(Combines stories, adds details)
ROME/MILAN, Feb 2 (Reuters) - Italy’s state holding company Cassa Depositi e Prestiti (CDP) supports the idea of creating a single broadband network, CEO Fabrizio Palermo said on Saturday.
Open Fiber, controlled by CDP and Italy’s biggest utility Enel, started two years ago to build a fast fibre network in the country after Rome accused incumbent Telecom Italia (TIM) of acting too slowly to upgrade its ageing copper network.
But the populist government which took office in June thinks a single network would be more efficient, although Economy Minister Giovanni Tria has said it was a matter for private companies to decide.
Speaking at a banking conference in Rome, Palermo said he hoped the two main national players could collaborate to achieve this goal, but gave no further comment.
CDP, controlled by the Italian Treasury, has a 50 percent stake in Open Fiber and around 5 percent of TIM.
Daily La Repubblica reported earlier on Saturday that TIM and Open Fiber had signed a non-disclosure agreement that could include initial moves towards merging the two companies’ network assets. The report did not give further details.
A source close to the situation said the agreement, which was signed earlier this week, is a continuation of a commercial accord signed in November by Open Fiber and TIM’s previous chief executive Amos Genish.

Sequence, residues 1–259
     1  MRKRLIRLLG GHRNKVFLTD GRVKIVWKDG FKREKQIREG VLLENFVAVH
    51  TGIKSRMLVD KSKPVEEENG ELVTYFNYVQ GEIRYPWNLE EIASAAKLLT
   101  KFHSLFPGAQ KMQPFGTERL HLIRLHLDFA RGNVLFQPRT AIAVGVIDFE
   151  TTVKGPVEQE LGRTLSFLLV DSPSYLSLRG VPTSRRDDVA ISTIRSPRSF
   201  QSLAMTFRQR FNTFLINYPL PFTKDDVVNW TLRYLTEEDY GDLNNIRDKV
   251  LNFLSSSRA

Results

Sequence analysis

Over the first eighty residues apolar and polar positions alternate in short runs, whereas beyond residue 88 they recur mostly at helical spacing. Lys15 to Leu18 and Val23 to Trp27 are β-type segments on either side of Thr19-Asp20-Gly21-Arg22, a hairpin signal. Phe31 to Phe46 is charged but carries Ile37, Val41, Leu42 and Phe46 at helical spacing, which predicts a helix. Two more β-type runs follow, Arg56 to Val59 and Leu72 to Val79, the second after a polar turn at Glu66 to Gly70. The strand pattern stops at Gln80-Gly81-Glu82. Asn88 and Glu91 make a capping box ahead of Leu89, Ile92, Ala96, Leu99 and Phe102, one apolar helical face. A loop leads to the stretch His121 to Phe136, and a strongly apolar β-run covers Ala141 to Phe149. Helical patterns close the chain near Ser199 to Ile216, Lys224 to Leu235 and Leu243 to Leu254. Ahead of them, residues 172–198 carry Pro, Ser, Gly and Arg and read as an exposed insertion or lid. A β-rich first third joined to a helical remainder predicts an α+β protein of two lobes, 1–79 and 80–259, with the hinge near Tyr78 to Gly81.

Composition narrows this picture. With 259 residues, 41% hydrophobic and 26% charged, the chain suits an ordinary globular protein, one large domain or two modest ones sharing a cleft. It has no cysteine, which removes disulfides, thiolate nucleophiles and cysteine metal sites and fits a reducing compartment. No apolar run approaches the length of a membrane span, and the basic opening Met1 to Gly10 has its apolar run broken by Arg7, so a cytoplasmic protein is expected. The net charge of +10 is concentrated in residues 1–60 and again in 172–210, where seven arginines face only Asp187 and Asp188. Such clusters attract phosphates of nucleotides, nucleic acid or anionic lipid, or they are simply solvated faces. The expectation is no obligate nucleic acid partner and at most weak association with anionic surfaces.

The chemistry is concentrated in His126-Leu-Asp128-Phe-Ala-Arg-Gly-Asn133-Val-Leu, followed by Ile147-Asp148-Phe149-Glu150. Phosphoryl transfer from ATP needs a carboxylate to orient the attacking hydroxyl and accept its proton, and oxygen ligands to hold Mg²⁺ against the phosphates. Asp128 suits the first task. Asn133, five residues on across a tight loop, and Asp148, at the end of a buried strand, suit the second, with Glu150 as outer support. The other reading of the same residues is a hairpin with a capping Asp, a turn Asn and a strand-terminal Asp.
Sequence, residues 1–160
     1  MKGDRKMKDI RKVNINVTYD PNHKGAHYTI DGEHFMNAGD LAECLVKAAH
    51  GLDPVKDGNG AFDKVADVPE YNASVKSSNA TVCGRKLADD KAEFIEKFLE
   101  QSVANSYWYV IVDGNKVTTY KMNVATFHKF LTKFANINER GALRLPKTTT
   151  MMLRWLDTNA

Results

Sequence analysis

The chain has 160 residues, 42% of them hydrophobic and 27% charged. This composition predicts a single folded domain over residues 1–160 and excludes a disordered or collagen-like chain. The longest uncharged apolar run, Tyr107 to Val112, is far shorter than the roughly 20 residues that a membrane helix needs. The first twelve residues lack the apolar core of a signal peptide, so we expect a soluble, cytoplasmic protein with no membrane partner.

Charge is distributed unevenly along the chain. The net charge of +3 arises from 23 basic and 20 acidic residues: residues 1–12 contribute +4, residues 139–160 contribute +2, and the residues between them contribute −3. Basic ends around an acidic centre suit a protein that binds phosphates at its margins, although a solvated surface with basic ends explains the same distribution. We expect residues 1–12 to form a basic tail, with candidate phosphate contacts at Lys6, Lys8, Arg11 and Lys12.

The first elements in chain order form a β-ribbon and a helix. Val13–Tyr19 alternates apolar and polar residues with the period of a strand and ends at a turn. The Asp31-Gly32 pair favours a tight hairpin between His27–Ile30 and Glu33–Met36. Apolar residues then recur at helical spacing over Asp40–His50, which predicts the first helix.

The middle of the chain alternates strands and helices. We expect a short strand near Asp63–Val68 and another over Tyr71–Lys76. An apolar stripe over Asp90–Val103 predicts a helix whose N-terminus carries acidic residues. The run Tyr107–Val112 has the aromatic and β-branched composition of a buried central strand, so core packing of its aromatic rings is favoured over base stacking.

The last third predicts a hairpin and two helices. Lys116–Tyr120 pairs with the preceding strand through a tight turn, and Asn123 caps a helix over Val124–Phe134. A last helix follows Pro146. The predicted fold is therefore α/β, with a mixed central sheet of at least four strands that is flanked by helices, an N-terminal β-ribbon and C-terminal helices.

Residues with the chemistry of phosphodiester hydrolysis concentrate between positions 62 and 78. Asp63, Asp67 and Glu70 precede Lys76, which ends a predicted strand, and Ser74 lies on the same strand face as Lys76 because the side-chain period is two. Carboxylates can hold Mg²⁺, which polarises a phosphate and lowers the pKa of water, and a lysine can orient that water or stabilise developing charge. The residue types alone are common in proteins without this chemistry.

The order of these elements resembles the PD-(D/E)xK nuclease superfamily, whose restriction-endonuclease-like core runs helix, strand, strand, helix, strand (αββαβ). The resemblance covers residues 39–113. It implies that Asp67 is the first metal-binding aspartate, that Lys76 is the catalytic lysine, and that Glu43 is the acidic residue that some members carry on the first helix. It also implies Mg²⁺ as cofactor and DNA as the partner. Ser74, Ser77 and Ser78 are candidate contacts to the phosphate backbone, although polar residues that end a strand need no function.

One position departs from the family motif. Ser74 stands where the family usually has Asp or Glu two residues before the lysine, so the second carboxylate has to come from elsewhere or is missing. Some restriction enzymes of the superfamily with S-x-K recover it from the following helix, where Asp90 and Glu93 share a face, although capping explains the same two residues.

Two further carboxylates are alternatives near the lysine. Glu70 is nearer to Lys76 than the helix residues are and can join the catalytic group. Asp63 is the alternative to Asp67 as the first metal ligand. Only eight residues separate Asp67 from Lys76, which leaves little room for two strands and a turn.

The source did not know if this new agreement included any additional measures.
TIM and Open Fiber both declined to comment.
Open Fiber CEO Elisabetta Ripa said on Thursday her company was happy to consider possible synergies with TIM through commercial or co-investment agreements. But she added that it was up to shareholders to speak about corporate issues.
TIM CEO Luigi Gubitosi said this week in an interview with Corriere della Sera daily that the former telecoms monopoly is ready to discuss commercial accords, co-investments and a possible network combination with Open Fiber.
Enel CEO Francesco Starace said on Friday he was glad that TIM and Open Fiber were eventually “sitting at a table” and that he had called for this to happen for three years. (Reporting by Giselda Vagnoni in Rome and Stephen Jewkes in Milan Writing by Giulio Piovaccari Editing by David Holmes)